A panel of black political commentators on CNN imploded Thursday into a screaming match as they discussed the effect of President Donald Trump’s proposed budget cuts could have on the black community.
As the panel discussed the cuts, Paris Dennard, a Trump supporter, pointed out that HBCUs, the acronym for Historically Black Colleges and Universities, were not included in the list of proposed cuts. But host Don Lemon found the HBCU argument to be less important than other social programs.
“So a lot of people say HBCUs are important,” Lemon declared, “but there are a lot of people watching here tonight going, ‘HBCUs? I gotta eat, I gotta live somewhere. Great, yes, I would love to send my kid to a college, any college,’ and hopefully, maybe they want to send them to an HBCU, but why are you rambling on about HBCUs when we’re talking about urban development, about other education, about health and human services? There are more important issues than HBCUs.”
Dennard seemed taken aback by Lemon’s statement. “Whoa, Don,” he said, “I would caution you by saying, by saying to all those 300,000 students who attend HBCUs — “
“I said there are more important issues,” Lemon interrupted, “don’t put words in my mouth, did you hear what I said? I said there are more important issues.”
“I would say that HBCUs are important, and when you put up a graphic showing all these cuts—” Dennard was interrupted again.
“Paris, look, my entire family went to HBCUs,” Lemon objected, “don’t give me the lesson, I know what HBCUs, look at me, I know what they are, and I’m a product of an HBCU family. My point is there are more important things than HBCUs and you keep, you keep pointing to one of them, when I’ve gone down a list of things that are really important, and when I’m telling you that I’d rather eat than, or some people it’s the priority for them is to eat rather than where they’re going to go to college.”
“All I’m saying, Don,” Dennard continued, “is that on the graphic that you put up, you showed that where there were cuts, and I was pointing out to your audience that there might be a 13.5 percent cut to the Department of Education, but within that cut as it relates to African-Americans, no cuts to HBCUs, no cuts to Pell [federal student loan grants], when you look at other department things such as charter schools, there was an increase, to charter school funding, which African-Americans overwhelmingly support.”
“When you look at things like building the wall,” Dennard explained, “and enforcement and things that are going to directly impact jobs, there are monies going into DHS, which is going to lead to more jobs — ICE officers and immigration officers, which African-Americans can get those jobs. So you can make fun of HBCUs—”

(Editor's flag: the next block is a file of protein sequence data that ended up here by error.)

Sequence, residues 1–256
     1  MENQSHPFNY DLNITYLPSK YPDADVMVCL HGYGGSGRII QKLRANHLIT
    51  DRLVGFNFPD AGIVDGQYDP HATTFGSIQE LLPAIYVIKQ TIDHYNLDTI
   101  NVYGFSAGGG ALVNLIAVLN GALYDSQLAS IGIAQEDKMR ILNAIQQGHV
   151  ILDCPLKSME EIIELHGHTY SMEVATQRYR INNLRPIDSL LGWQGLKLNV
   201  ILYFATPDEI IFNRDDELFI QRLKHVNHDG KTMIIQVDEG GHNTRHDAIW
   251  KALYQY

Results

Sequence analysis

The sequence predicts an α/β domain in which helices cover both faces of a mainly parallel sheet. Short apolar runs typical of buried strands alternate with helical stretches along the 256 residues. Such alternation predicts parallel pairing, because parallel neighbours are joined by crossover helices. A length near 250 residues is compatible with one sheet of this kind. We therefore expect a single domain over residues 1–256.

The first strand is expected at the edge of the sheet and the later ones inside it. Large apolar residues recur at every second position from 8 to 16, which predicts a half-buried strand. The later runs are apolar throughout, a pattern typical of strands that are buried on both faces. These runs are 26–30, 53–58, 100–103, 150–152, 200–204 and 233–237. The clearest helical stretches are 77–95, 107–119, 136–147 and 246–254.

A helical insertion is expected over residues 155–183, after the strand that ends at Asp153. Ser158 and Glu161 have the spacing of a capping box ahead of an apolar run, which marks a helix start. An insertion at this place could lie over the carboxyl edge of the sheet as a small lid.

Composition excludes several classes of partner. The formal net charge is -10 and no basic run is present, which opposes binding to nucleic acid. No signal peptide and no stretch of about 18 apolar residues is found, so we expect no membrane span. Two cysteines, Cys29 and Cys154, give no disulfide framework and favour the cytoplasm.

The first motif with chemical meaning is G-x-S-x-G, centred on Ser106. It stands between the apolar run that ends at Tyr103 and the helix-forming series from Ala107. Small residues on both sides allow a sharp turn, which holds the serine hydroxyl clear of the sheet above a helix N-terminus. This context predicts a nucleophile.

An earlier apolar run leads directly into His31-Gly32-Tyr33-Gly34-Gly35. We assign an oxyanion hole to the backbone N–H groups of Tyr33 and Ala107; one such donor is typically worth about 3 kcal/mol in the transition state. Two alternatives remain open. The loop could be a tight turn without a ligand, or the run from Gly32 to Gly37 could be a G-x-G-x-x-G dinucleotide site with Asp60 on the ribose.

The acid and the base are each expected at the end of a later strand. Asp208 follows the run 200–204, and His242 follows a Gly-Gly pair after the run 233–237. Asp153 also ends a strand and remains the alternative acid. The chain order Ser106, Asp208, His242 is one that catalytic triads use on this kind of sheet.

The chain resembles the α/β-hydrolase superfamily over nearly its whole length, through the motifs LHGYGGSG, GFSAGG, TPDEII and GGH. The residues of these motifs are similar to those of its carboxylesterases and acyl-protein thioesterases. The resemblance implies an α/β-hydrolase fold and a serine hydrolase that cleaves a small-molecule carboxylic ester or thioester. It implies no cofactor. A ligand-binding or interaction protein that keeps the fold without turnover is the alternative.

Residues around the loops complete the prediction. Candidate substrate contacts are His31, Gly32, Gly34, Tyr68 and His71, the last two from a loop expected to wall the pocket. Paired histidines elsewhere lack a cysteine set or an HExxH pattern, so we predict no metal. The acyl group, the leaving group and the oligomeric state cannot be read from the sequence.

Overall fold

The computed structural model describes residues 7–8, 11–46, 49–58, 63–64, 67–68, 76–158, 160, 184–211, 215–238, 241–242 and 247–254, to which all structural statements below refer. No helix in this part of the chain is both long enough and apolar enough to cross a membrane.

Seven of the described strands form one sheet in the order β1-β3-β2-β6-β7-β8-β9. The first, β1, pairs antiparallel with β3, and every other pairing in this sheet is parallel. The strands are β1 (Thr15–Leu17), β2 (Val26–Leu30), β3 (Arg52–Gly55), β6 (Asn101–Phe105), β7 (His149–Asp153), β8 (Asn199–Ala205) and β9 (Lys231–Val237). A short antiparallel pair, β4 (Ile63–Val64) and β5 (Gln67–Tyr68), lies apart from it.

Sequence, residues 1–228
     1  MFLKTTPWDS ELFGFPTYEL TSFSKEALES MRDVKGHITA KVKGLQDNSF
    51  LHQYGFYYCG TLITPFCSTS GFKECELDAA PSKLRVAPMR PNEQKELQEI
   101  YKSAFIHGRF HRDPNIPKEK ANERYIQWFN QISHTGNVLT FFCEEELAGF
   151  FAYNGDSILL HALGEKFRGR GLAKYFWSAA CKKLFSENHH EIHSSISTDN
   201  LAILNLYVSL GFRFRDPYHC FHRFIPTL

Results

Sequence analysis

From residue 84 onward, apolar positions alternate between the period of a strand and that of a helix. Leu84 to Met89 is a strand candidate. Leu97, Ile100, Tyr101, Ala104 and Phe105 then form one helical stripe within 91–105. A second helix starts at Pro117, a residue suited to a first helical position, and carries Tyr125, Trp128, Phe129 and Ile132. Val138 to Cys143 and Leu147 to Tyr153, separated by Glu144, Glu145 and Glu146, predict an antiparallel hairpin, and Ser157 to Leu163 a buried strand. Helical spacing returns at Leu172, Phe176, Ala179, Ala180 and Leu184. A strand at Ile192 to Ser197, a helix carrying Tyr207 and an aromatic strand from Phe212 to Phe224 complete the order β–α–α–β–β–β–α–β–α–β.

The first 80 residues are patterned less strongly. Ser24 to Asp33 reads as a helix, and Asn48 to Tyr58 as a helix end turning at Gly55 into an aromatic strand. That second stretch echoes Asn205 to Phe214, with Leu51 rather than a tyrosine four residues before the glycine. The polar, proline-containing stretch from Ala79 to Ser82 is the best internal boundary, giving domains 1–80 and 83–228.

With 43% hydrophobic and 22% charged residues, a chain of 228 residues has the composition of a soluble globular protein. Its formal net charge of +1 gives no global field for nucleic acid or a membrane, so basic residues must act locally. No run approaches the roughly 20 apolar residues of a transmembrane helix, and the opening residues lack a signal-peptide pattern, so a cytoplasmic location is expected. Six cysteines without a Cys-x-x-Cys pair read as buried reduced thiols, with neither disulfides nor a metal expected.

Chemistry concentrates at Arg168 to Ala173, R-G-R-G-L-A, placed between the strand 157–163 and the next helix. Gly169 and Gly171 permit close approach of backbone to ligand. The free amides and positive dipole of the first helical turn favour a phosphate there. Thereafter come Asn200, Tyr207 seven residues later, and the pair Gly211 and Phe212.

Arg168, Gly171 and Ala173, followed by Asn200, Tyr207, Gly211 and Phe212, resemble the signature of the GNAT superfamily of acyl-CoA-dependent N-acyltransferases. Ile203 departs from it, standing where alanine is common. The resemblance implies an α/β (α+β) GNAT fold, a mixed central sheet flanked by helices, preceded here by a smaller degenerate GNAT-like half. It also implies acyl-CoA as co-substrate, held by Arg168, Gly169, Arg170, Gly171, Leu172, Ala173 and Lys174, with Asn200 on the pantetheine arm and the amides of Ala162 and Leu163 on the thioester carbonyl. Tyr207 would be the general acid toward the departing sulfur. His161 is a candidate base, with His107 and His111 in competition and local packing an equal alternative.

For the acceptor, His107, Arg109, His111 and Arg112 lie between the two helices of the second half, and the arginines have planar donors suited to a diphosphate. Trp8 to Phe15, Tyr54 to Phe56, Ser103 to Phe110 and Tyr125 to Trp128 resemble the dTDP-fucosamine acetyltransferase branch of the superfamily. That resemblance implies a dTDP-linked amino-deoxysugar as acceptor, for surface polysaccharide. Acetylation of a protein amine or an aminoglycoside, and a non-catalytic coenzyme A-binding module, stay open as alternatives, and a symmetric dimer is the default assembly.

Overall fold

“Paris wait, don’t say I made fun of HBCUs, that’s a flat-out lie,” Lemon protested, “That’s not, I didn’t make fun of HBCUs.”
Dennard exclaimed, “You said they weren’t important,” to which Lemon snapped back, “That’s a lie.”
“He didn’t say they weren’t important,” Angela Rye broke in. “He said there were more important things.”
At this point the panel broke down into yelling.
When things calmed down, Lemon gave Shermichael Singleton the floor.
If I could interject, OK, the president did not cut HBCUs, the funding remains the same as it did prior to the president being sworn in. OK, that’s fine, but I want to talk about more critical issues such as housing. For example, 85 percent of HUD’s budget, which oversees housing for a lot of poor people, who happen to be African-American, 85 percent is residual, so you decreased the budget by $6.3 billion and you will see a net loss of people who rely on housing vouchers. For example, predominately of them, again, are African-Americans, and so when you look at programs such as that when you’re going to be potentially decreasing the number of housing vouchers that will assist people with moving out of public housing, into a home, a rental home where they’re going to have a decreased rent because of government’s ability to assist them, I think it’s extremely troubling.
Clearly, you want to get people out of a bad neighborhood to a more decent neighborhood; to assist them with some point being able to move on to what we call a market-rate apartment, meaning essentially they can pay at market rate with anyone else. That’s problematic when the president says, ‘I want revitalize the inner cities,’ et cetera, when you’re cutting programs that will hurt people who you claim to want to assist. I think it’s extremely hypocritical to say that.
“Many African-Americans are not concerned about a border wall,” Singleton continued, “I hate to say that, many are not. When there’s a large number of African-Americans who are living in communities where they’re now going to have to worry if they are currently relying on a housing voucher, is that housing voucher still going to be there. If you’re a single mother and you rely on WIC [Women, Infants and Children], will that program still be there?”
How will President Trump’s budget cuts impact the African American community? https://t.co/qi1brsGtmI
— CNN Tonight (@CNNTonight) March 17, 2017
Trump released his budget proposals Wednesday to much liberal consternation as they decried the cuts that would be made to many departments and offices. Included in the plan was a request to begin construction on the promised border wall to the tune of $4.1 billion for the next two years.